How Somatic Experiencing Therapy can help In healing trauma
November 8, 2016
Mia Elwood: Hi. I’m Mia Elwood, clinical social worker with Healthy Futures.
Dr. Kim DiRé: My name is Kim DiRé. I’m a psychotherapist, and both Mia and I are Somatic Experiencing practitioners.
Mia: Today, we’re going to be talking about what trauma is, from an SE or a Somatic Experiencing perspective. A lot of people think trauma is an act of war, or some really horrific event that happens. From an SE perspective, we really look at it a little bit more globally as anything that really disrupts our natural healing abilities of our nervous system.
They can be events, or they can be a succession of events, or they can be something that we don’t really even know about, like something pre-verbal, before we could talk, things like birth, things like accidents, things like surgeries, things like bullying over a long period of time.
It’s really important that we look at anything that hurts or disrupts our nervous system, as something that we can heal from.
Dr. DiRé: A lot of people ask me what it’s like to be in a session, and they want to know what that’s going to be for them before they get into the session.
Somatic Experiencing or SE sessions really look a little bit different than psychotherapy, in the fact that we’re not doing so much analysis or a thought process up here. We’re including the body in that blocked energy place, where we can get it to flow a little bit easier.
Many times, it looks pretty creative, but the part would be that the practitioner or I would look at the physiology of the person and see where they are activated in the session. Maybe recalling an event, or feeling an event that they have no memory of or no voice for, and working through that by breaking up the physiology in a place where they can complete self-protective responses.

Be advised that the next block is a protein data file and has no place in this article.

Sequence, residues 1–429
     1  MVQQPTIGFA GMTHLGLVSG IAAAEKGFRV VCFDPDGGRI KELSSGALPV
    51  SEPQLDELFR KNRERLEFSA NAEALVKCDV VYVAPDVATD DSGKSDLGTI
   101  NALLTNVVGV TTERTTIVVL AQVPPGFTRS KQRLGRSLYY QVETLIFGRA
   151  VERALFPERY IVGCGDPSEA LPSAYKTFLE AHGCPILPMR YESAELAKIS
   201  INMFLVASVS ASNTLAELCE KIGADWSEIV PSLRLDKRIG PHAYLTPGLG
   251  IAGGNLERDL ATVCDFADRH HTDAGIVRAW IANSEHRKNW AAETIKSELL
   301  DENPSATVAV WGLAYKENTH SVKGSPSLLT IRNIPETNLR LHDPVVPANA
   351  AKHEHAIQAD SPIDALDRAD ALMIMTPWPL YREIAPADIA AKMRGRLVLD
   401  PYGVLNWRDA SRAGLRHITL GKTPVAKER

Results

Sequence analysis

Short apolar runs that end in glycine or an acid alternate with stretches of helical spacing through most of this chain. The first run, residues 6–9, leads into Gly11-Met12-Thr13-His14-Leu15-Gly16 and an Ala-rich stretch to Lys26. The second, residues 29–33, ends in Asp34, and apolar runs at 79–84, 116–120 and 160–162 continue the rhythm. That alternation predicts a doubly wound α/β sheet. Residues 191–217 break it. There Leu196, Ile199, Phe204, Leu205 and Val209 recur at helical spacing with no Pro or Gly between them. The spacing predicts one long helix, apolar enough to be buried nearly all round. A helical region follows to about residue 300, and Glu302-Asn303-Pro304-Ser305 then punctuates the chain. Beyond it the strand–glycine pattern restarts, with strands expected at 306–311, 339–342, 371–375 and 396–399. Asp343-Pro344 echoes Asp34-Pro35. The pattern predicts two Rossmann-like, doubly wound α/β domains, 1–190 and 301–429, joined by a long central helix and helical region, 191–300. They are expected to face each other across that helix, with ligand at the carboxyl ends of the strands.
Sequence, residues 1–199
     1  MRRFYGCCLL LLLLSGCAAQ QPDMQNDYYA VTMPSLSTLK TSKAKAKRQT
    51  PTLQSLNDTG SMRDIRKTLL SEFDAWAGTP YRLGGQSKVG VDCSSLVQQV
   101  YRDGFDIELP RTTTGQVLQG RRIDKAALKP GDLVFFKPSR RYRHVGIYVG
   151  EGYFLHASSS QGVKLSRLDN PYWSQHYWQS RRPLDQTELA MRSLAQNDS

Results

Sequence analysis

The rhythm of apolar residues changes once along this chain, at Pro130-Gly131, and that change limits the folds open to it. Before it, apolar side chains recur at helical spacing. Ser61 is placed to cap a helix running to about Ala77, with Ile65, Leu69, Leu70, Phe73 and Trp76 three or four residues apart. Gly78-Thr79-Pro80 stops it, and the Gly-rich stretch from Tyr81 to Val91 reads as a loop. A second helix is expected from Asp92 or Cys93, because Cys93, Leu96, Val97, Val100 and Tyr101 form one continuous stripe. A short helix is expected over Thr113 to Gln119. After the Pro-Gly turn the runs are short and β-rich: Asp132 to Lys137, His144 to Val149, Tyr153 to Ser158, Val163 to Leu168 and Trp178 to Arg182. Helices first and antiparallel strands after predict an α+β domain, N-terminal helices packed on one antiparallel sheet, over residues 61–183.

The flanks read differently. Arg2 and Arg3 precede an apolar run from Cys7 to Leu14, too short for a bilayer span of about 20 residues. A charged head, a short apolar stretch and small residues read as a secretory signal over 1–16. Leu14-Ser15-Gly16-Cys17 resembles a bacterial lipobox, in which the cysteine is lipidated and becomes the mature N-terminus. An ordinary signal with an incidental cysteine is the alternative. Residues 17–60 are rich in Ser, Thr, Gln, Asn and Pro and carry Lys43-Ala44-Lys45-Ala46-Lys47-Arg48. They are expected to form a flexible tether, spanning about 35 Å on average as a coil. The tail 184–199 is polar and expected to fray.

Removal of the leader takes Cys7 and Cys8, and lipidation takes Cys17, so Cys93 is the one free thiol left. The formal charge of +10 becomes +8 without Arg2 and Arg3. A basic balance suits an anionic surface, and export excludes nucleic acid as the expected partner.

Also in a place where they can start becoming aware and becoming more present with that activation, or the stimulus that happens with the blocked energy.
In session we are then releasing that, so that the person can become more and more present, and able to then carry on in a flow with a balance of life.
Mia: If you’re interested in more information on SE and these resources, you can attend to the description on this video. Thanks.
Everyone experiences trauma differently
Traumatic experiences are not just for war heroes. Trauma can be experienced in many ways. It can come from specific events or a series of events. It can present from pre-verbal times or events from which we have no memory. From a somatic experiencing perspective, trauma happens when the natural healing abilities of our nervous system are disrupted.
The somatic experiencing therapy perspective treats trauma differently from what you may think of with psychotherapy. The focus is not on analyzing or thinking, but on physiology.
The goal is to release the energy from the body that has been blocked from the traumatic experience. When the physiology is finally broken down, the body is able to complete its natural self protective response to the trauma. And, you begin to feel more and more present and balance in your life.
Traumatic experiences are not just for war heroes. Trauma can be experienced in many ways. It can come from specific events or a series of events. It can present from pre-verbal times or events from which we have no memory.